How To Freeze Rhubarb

by Suzan Ferreira
How To Freeze Rhubarb featured image showing closeup of cut up pieces of rhubarb stalk

Freezing and storing the short-lived rhubarb harvest will have all rhubarb aficionados rejoicing when these tips are followed!


This post may contain affiliate links at no additional cost to you.  By making your purchases through the links on this website, IMSL may make a small percentage at no direct cost to you. IMSL only promotes products we use & truly believe in. Please refer to my Privacy & Disclosures for further information. IMSL thanks you for your support!

So you’re are a lover of all things rhubarb. Me too! If you’re at all familiar with this underrated perennial vegetable, you know that when it’s in season, and a very short season it is, typically running from May through June here on the hill, we need to take full advantage.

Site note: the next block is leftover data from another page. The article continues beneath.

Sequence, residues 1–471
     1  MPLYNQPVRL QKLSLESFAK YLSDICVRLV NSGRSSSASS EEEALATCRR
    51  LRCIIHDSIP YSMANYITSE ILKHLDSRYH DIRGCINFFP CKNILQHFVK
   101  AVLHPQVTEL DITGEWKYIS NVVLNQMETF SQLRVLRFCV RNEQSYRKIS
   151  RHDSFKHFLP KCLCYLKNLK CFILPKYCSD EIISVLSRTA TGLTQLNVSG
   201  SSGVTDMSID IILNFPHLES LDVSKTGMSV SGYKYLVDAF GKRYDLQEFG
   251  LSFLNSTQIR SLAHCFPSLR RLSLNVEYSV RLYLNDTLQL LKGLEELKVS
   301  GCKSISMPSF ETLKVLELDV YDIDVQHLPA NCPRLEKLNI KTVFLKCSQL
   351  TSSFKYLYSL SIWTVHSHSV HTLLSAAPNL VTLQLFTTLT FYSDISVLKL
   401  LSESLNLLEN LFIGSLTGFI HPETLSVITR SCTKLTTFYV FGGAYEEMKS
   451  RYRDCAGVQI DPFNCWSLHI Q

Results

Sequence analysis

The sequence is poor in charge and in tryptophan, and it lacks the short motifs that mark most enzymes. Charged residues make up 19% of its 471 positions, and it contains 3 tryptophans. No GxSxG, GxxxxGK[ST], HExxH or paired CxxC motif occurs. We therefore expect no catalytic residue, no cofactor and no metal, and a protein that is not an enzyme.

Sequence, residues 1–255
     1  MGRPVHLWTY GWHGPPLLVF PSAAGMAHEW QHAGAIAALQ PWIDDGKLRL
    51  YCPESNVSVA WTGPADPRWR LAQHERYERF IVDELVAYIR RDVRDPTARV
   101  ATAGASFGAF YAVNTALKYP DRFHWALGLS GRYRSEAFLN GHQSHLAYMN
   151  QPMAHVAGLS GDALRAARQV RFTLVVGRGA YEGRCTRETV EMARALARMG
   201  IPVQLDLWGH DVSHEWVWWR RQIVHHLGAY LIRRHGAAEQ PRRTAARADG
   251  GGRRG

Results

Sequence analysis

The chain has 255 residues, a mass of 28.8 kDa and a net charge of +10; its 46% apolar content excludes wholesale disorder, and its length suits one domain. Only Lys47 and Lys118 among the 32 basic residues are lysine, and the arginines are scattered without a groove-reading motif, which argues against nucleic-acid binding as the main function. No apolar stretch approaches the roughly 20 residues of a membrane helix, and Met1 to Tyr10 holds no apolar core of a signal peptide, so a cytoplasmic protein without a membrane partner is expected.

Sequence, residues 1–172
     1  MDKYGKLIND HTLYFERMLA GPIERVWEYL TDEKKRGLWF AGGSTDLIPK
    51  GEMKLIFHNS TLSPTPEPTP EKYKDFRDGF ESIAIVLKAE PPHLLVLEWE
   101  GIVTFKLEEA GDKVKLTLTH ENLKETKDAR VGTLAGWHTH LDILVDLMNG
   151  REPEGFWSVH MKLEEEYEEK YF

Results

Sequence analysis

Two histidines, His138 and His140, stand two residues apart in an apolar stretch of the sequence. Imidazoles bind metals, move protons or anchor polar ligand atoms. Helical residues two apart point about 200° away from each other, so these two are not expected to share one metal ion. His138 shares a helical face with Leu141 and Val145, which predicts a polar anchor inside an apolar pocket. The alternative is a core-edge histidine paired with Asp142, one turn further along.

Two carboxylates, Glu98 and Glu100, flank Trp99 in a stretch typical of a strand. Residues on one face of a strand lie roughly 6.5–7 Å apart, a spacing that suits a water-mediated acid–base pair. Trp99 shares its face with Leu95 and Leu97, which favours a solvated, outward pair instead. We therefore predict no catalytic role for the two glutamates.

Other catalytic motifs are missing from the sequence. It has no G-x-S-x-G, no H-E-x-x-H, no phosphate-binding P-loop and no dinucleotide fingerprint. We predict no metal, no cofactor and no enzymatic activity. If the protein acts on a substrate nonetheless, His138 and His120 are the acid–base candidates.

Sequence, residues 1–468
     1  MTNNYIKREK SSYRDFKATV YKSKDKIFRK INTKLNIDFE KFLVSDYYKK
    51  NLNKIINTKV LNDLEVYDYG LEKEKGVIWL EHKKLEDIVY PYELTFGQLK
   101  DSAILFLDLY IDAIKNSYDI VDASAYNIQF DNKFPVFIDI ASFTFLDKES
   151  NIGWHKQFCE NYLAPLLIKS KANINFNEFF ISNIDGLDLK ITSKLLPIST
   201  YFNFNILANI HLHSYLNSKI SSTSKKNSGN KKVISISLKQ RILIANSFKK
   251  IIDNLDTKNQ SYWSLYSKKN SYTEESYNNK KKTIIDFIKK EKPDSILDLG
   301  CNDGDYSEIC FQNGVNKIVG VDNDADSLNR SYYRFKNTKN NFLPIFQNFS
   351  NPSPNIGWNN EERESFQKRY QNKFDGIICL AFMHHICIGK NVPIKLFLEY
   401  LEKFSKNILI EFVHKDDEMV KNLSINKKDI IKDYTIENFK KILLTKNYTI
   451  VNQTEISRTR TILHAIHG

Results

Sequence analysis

Organically Rooted Garden Group 728x90 banner image showing hand holding garlic with roots and name of facebook group

How do we enjoy this tart vegetable year round with such a short growing season? Freeze it! By following these tips and suggestions for freezing your rhubarb harvest, you will be enjoying all you can make with it (rhubarb juice anyone?) all year long!


Rhubarb is one of those vegetables that may have many shaking their head’s and wondering, what the heck is that? For us here on the hill, its a perennial native to Asia (comes back year-to-year, yay, free food!), that we look forward to every year.

How To Freeze Rhubarb image showing person holding many stalks of rhubarb at waist height with leaves still attached to red and green rhubarb stalks

Rhubarb grows in long red & green stalks with leaves that grow at the top of the stalk, this vegetable, although typically used as you would a fruit, is easy to harvest & use. The stalk is the only edible portion of the plant. It’s imperative that the leaves are completely removed as they are poisonous, no thank you!

The stalks themselves are crunchy when raw and have been described as sour or tart to the taste. Think a taste similar to that of unripe apples or grapes.

A fond memory of my Dad, a lover of all things tart, is of him going to my garden, grabbing a stalk during the height of the harvest season, salt it and munch away. A bit too strong a flavor for me!